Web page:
While there have been lots of concept cars and production announcements, the first serious German competitor to the Tesla Model S and Model X won't arrive for at least another year.
And what could prove the most potent of them all—the production version of the stunning Porsche Mission E concept car revealed two years ago—won't go into production for another two years.
Still, we've learned a bit more about that car, which will go on sale at the end of 2019 as a 2020 model, from comments by Porsche chairman Oliver Blume.
Porsche didn't reveal any new electric vehicles at last week's Frankfurt auto show, which saw a host of battery-electric concept cars from Audi and Mercedes-Benz.
But Blume spoke to Britain's Car magazine about the brand's upcoming electric sport sedan, as well as the company's fast-charging plans.
From a few of his comments, a case could be made that if any maker can offer a "Tesla-beater" electric car, the Mission E could be it.
Porsche Mission E concept electric car
One important point that emerged from Car's interview with Blume concerned the Mission E's price: it will be comparable to that of today's Porsche Panamera sedan.
That actually covers a wide range, from a base model at $85,000 to limited-edition high-performance versions that can approach twice that amount when fully loaded.
But Blume told the magazine the Panamera would be priced like "an entry-level Panamera," with an array of performance options—presumably meaning motor outputs and battery capacities.
When the car debuted at the 2015 Frankfurt show, Porsche quoted 0-to-62-mph acceleration times of 3.5 seconds, and just 12 seconds to 125 mph (200 km/h).
Total battery range is quoted at 300 miles (500 km), though that's likely on the gentle European test cycle; a more realistic U.S. EPA figure might be 250 miles.
Its versions will "likely" follow the current Porsche hierarchy of models, Blume said, meaning S, GTS, and so forth.
2017 Tesla Model S
In other words, it sounds as though Porsche might have the Tesla Model S squarely in its sights.
That car has lately had a profusion of changes, almost monthly, to its versions, specifications, features, and prices, so we're not going to quote a price for this month's base model.
Another point, perhaps the most interesting, was Blume's assertion that every version of the production Mission E would come equipped with 350-kilowatt DC fast-charging ability from the start.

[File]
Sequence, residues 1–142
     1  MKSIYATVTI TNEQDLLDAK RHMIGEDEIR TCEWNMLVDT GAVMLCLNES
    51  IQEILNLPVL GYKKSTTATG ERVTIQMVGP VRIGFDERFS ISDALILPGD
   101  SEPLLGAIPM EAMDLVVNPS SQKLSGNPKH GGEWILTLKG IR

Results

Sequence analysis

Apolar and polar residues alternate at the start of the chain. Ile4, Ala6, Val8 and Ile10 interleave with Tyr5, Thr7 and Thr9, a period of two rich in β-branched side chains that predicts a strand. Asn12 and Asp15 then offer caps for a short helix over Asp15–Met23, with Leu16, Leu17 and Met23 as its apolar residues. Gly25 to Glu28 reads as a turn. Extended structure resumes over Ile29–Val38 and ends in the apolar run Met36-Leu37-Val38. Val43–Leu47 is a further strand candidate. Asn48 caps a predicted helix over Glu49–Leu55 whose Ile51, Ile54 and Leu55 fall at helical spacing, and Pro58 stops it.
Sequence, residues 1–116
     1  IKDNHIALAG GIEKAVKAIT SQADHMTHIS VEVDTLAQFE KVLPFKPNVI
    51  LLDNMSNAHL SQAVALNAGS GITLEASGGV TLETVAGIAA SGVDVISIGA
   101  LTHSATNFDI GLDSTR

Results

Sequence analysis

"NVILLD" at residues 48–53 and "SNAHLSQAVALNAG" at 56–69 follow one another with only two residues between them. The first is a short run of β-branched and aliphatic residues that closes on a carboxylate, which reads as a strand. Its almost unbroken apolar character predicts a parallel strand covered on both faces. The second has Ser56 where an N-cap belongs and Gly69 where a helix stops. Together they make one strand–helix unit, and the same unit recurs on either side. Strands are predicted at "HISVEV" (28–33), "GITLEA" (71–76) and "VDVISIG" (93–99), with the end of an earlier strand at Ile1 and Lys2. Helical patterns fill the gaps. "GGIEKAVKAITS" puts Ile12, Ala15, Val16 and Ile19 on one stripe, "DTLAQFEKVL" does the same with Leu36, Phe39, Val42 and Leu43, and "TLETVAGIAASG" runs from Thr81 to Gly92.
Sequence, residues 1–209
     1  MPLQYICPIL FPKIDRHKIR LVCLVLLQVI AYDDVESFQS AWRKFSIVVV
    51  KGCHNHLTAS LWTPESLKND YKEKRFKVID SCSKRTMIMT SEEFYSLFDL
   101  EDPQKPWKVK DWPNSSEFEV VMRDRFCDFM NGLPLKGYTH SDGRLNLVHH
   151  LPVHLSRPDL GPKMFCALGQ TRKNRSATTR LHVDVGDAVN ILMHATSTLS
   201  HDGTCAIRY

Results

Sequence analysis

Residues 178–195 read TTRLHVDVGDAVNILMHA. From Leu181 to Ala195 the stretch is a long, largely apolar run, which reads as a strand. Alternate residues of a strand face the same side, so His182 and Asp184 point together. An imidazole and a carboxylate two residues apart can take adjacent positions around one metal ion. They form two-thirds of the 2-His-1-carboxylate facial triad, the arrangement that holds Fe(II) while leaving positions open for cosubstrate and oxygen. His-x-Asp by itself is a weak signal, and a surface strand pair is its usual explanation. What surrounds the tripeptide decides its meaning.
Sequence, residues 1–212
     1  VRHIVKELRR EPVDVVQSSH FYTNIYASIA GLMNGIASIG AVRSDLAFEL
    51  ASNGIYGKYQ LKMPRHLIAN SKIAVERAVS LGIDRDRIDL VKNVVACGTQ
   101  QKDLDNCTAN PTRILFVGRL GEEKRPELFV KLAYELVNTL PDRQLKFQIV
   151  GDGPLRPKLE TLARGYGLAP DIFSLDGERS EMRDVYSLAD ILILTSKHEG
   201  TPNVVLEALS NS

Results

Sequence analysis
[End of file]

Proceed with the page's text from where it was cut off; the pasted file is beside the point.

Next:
That charging rate will provide an 80-percent recharge, or perhaps 200 to 250 miles, in just 15 minutes at suitably equipped DC fast-charging stations.
Tesla Supercharger stations today can charge at up to 135 kw, giving an 80-percent recharge for most models in roughly 30 minutes, in some cases depending on load and the number of cars charging simultaneously.
The ability of a Porsche Mission E driver to gain 200 miles of range in just 15 minutes on road trips will depend on whether fast-charging stations with that capability come online between now and early 2020.
Audi of America president Scot Keogh with Audi e-tron quattro concept, 2015 Los Angeles auto show
For the U.S. at least, Porsche is clearly expecting those to come from the Electrify America project, VW Group's $2 billion effort to install infrastructure for zero-emission vehicles both in California and across the rest of the country.
The first 30-month portion of that plan was approved both by California and federally this spring, and the stations planned in that phase should largely have been built out by the time the Mission E arrives at Porsche dealers.
Meanwhile, another VW Group company faces a similar need: The Audi e-tron all-electric crossover utility vehicle will have 150-kw fast charging, the company said two years ago.
Where that will come from when the car launches roughly a year from now remains to be determined.